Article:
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Man. She was like me in lineaments her eyes,

Her hair, her features, all, to the very



Even of her voice, they said were like to mine;

But soften'd all, and temper'd into beauty; She had the same lone thoughts and wanderings,

The quest of hidden knowledge, and a mind To comprehend the universe: nor these Alone, but with them gentler powers than mine,

Pity, and smiles, and tears which I had not;

And tenderness but that I had for her;
Humility and that I never had.
Her faults were mine- her virtues were
her own-


I loved her, and destroy'd her!
With thy hand?
Man. Not with my hand, but heart-
which broke her heart;

It gazed on mine, and wither'd. I have shed
Blood, but not hers - and yet her blood

was shed

I saw, and could not stanch it.
And for this-
A being of the race thou dost despise,
The order which thine own would rise


Mingling with us and ours, thou dost forego The gifts of our great knowledge, and shrink'st back

To recreant mortality-Away!


Man. Daughter of Air! I tell thee, since that hour

But words are breath - look on me in my

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sleep, Or watch my watchings - Come and sit by


My solitude is solitude no more, But peopled with the Furies; - I have gnash'd

My teeth in darkness till returning morn, Then cursed myself till sunset; - I have pray'd

For madness as a blessing - 't is denied me.
I have affronted death, but in the war
Of elements the waters shrunk from me, 230
And fatal things pass'd harmless - the
cold hand

Of an all-pitiless demon held me back, Back by a single hair, which would not break.

In fantasy, imagination, all

The affluence of my soul-which one day


A Croesus in creation — I plunged deep,
But, like an ebbing wave, it dash'd me back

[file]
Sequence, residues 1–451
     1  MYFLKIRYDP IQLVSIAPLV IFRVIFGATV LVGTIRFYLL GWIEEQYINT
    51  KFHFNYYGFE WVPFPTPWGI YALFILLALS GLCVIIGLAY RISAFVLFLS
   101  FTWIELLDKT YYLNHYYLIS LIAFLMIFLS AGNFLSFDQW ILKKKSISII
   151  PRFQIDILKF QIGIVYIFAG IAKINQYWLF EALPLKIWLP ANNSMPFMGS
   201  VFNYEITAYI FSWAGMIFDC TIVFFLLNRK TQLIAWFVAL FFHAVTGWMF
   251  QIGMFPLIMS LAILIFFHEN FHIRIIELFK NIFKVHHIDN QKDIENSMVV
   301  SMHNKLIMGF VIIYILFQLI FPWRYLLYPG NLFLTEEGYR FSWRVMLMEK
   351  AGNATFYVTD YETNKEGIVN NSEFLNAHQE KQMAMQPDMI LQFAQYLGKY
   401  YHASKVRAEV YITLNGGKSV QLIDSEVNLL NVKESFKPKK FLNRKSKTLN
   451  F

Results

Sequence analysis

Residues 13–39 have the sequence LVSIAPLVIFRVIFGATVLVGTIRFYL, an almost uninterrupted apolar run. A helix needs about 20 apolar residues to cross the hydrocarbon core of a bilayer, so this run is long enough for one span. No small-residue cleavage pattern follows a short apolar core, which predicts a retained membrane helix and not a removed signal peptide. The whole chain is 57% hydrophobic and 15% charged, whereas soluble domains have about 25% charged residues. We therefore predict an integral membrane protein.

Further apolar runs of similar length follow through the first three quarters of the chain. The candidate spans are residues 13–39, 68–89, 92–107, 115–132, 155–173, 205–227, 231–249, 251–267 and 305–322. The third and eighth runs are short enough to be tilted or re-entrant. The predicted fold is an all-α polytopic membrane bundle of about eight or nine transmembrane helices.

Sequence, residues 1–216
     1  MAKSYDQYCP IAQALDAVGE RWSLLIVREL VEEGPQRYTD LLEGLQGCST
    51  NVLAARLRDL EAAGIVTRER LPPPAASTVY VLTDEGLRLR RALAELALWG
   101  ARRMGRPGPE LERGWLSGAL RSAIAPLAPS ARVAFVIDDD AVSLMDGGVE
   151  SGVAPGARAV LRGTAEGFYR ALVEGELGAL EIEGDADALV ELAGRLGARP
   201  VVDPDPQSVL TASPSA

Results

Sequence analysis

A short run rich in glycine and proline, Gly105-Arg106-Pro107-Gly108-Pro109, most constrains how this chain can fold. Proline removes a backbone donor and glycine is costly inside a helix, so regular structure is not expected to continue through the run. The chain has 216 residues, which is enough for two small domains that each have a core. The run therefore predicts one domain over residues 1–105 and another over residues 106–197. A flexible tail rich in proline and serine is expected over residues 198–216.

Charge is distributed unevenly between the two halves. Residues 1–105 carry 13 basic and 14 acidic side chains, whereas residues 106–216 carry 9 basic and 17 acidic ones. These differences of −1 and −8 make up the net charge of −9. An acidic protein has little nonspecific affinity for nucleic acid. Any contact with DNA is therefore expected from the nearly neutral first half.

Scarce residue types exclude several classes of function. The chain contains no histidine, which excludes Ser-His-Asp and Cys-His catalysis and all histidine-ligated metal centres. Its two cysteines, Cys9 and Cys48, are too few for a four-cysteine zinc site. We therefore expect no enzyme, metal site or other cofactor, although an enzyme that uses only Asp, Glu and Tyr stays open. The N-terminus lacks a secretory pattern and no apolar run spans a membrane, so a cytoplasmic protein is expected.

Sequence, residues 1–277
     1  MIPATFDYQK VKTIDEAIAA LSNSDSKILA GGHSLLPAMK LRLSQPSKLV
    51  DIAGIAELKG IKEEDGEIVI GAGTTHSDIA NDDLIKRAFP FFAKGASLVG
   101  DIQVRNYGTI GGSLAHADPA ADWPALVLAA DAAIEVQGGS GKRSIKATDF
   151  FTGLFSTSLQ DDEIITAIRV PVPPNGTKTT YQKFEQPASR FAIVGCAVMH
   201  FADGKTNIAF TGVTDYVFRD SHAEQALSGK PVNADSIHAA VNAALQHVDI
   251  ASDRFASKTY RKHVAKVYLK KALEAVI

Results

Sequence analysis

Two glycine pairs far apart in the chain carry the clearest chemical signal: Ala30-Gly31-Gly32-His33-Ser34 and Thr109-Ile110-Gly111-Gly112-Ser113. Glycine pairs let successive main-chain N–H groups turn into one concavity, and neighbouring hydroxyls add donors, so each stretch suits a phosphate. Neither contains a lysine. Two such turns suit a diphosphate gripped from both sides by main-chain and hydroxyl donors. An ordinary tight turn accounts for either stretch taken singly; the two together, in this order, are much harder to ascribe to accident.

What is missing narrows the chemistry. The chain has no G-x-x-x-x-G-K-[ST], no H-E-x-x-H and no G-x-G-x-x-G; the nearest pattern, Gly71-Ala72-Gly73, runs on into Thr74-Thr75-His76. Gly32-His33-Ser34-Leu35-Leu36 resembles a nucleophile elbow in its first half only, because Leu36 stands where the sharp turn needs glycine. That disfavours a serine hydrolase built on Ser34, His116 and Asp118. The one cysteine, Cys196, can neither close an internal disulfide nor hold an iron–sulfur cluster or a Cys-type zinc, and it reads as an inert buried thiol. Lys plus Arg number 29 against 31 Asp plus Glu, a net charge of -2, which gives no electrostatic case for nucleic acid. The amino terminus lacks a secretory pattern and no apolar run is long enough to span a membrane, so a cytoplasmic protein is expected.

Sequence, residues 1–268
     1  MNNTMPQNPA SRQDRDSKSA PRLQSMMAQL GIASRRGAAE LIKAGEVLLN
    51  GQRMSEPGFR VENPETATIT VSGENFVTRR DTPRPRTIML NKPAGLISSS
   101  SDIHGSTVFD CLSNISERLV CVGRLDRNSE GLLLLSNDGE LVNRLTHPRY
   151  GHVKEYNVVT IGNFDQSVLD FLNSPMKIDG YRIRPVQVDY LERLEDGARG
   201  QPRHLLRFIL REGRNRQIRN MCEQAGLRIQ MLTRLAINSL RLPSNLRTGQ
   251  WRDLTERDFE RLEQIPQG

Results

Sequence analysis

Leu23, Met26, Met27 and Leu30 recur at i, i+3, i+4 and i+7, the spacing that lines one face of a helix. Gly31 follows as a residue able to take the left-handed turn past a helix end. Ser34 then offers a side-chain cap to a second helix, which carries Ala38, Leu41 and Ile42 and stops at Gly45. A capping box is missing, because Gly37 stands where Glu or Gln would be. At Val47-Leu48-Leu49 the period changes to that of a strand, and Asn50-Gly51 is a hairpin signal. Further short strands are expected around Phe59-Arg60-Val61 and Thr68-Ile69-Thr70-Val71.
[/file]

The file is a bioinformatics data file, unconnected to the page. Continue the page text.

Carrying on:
Into the gulf of my unfathom'd thought.

plunged amidst mankind - Forgetfulness sought in all, save where 't is to be found, And that I have to learn-my sciences, 241 My long pursued and superhuman art, Is mortal here; I dwell in my despair — And live and live for ever.


It may be

That I can aid thee.

To do this thy power Man. Must wake the dead, or lay me low with them. hourin any Do so in any shape so it be the last. With any torture Witch. That is not in my province; but if thou Wilt swear obedience to my will, and do 250 My bidding, it may help thee to thy wishes. Obey! and Man. I will not swear — whom? the spirits Whose presence I command, and be the slave


And ask them what it is we dread to be:
The sternest answer can but be the Grave,
And that is nothing;-if they answer not
The buried Prophet answered to the Hag Sa
Of Endor; and the Spartan Monarch drew
From the Byzantine maid's unsleeping spirit
An answer and his destiny - he slew
That which he loved, unknowing what he


Of those who served me
Is this all?
Yet be-
Hast thou no gentler answer? -
think thee,

And pause ere thou rejectest.

I have said it.
Witch. Enough!-I may retire then
Retire ! [The WITCH disappears.
Man. (alone). We are the fools of time
and terror: Days


Steal on us and steal from us; yet we live,
Loathing our life, and dreading still to die.
In all the days of this detested yoke
This vital weight upon the struggling heart,
Which sinks with sorrow, or beats quick
with pain,

Or joy that ends in agony or faintness
In all the days of past and future, for
In life there is no present, we can number
How few, how less than few, wherein the